Committee members voted to request that Simmons, a city attorney, Morris and others attend their February meeting.
“It would be appropriate for the mayor to take the lead in how we help firefighters,” Pavia said after this month’s meeting. “She doesn’t have to have the answers. She just has to be at the table for this conversation.”
No more Nomex
Paul Anderson, president of the Stamford firefighters’ union, Local 786 of the International Association of Fire Fighters, said he thinks the administration will be on board with purchasing PFAS-free gear once it’s available. It will cost the city roughly $1.5 million, Anderson said.
The administration has already worked with the union to replace firefighter uniforms made with Nomex, a heat- and flame-resistant fiber, Anderson said. The new uniforms will be 100 percent cotton, he said.
“We mandated Nomex in our contract because of a chemical fire that happened years ago. Firefighters were wearing polyester clothing and got burned badly,” Anderson said. “We were told Nomex is fire-rated and the way to go, but anything that is fire-rated is treated with PFAS. These manufacturers are the ones who have been poisoning us all along.”
Thousands of firefighters across the country have sued PFAS manufacturers, charging they knew the chemicals are dangerous, particularly when exposed to extreme heat. PFAS breaks down into fast-moving particles that can be inhaled or absorbed through the skin.
PFAS exposure increases the risk of kidney, prostate, pancreas, bladder, liver, breast and testicular cancers, infertility, and birth defects in offspring.
One company, 3M, has said it will stop manufacturing PFAS by the end of next year. Another, Gore & Associates, has said firefighters are being harmed by exposure to cancer-causing chemicals in fires, not by their products.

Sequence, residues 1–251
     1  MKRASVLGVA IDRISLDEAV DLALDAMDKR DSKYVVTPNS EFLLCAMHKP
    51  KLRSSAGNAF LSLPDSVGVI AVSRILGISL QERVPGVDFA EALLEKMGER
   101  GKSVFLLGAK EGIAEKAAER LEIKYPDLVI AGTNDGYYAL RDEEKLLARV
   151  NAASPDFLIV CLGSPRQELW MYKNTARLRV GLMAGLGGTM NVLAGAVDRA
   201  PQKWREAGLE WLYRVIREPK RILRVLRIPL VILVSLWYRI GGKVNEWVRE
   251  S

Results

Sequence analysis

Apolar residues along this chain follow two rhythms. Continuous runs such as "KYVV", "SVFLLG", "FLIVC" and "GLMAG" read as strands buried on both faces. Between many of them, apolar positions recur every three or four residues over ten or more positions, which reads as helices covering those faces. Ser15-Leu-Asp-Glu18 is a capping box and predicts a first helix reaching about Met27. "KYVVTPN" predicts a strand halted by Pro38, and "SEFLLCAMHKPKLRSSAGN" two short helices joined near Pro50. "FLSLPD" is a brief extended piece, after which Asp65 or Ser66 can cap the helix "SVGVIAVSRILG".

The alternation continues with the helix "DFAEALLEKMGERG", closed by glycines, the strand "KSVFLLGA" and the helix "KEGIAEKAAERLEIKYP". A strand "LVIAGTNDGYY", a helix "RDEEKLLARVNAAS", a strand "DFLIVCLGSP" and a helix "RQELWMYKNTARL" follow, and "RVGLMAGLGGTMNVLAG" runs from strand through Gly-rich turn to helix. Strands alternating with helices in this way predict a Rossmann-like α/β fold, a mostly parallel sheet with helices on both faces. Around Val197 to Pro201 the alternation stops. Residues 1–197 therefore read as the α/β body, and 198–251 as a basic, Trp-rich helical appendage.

Last year Congress passed legislation requiring that the U.S. Fire Administration and other agencies set guidelines for reducing PFAS exposure. A pending bill aims to authorize $25 million to develop PFAS alternatives in firefighter gear and foam.
PFAS allow products to resist heat, water and oils, and are used in the manufacture of not just firefighting gear and foam, but food packaging, nonstick cookware, stain-resistant carpeting and upholstery, waterproof clothing, cosmetics, and artificial turf.
Last week Connecticut Attorney General William Tong filed two lawsuits against 28 PFAS manufacturers, charging that they knowingly contaminated Connecticut water supplies and other natural resources. PFAS are so prevalent that they are found in the blood of nearly all humans, Tong said in his press release.
More than half the states in the country have filed similar suits.
In 2021, Connecticut banned use of firefighting foam in most circumstances, spending $2 million on a take-back program that collected tens of thousands of gallons from fire stations. The market offers a number of PFAS-free foams.
Now firefighters nationwide are filing lawsuits. Last month 100 Massachusetts lawmakers called on that state’s attorney general to join a lawsuit against PFAS manufacturers. The lawsuit is led by 10 firefighters from Worcester, Mass.
Grassroots efforts are important, Pavia said.
“If we don’t all have that urgency, we won’t have a solution for a long time,” he said.